You now have no excuses to not be using git for your projects.
Beside great FREE git hosting services and paid self hosted solutions like github and bitbucket there is also the option to go self hosted for FREE
You can have full control over your servers and environment and only allow access to your projects to the people involved in it.
GitLabs is a full fledged open source self hosted git management solution.
The installation of gitlabs is very straight forward.
Here are the steps that I followed:
The folks at gitlabs published a script to install gitlabs on Ubuntu but not on CentOS.
However, thanks to Mattias Ohlsson, that compiled all the notes about how to install gitlabs on cento, now there is a script that installs from top to bottom gitlabs on centos.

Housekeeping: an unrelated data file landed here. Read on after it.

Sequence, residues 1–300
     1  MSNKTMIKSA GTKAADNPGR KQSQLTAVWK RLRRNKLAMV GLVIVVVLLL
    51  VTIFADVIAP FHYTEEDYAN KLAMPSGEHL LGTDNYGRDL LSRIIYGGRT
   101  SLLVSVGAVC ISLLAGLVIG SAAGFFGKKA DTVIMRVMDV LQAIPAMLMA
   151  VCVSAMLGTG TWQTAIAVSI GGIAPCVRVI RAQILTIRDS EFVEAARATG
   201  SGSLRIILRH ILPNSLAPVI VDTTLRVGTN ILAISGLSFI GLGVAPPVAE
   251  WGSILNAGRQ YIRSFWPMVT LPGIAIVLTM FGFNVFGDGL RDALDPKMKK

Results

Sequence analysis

You can find the script here:
Or try the steps manually following these notes: https://github.com/gitlabhq/gitlab-recipes/tree/master/install
So the commands you need to run are:
*I edit the file and set the mysql password manually instead of leaving up to the script to create one. If you don’t care about the mysql pass just leave the script the way it is that later it will spit out which password it chose for the mysql db
chmod +x gitlab-install-el6.sh HOSTNAME=yourhostnamehere ./gitlab-install-el6.sh
It will take a few mins and after it is done you will have a working version of gitlabs on your machine \o/
3. Fix issues
The only problem I had was with the path to ruby.
The script completed fine, without any errors, however when I tried to push a repo to the new server I got this error message:
/usr/bin/env: ruby: No such file or directory
The server was not finding the path to ruby.
To solve it was pretty simple.
I just added ruby to the $PATH.
cat > /etc/profile.d/root.sh << EOF export PATH=/usr/local/rvm/src/ruby-1.9.3-p392:$PATH export PATH=/usr/local/rvm/src/ruby-1.9.3-p392/bin:$PATH EOF source /etc/profile.d/root.sh
After running the commands above you should be able to push without any trouble to your gitlab server.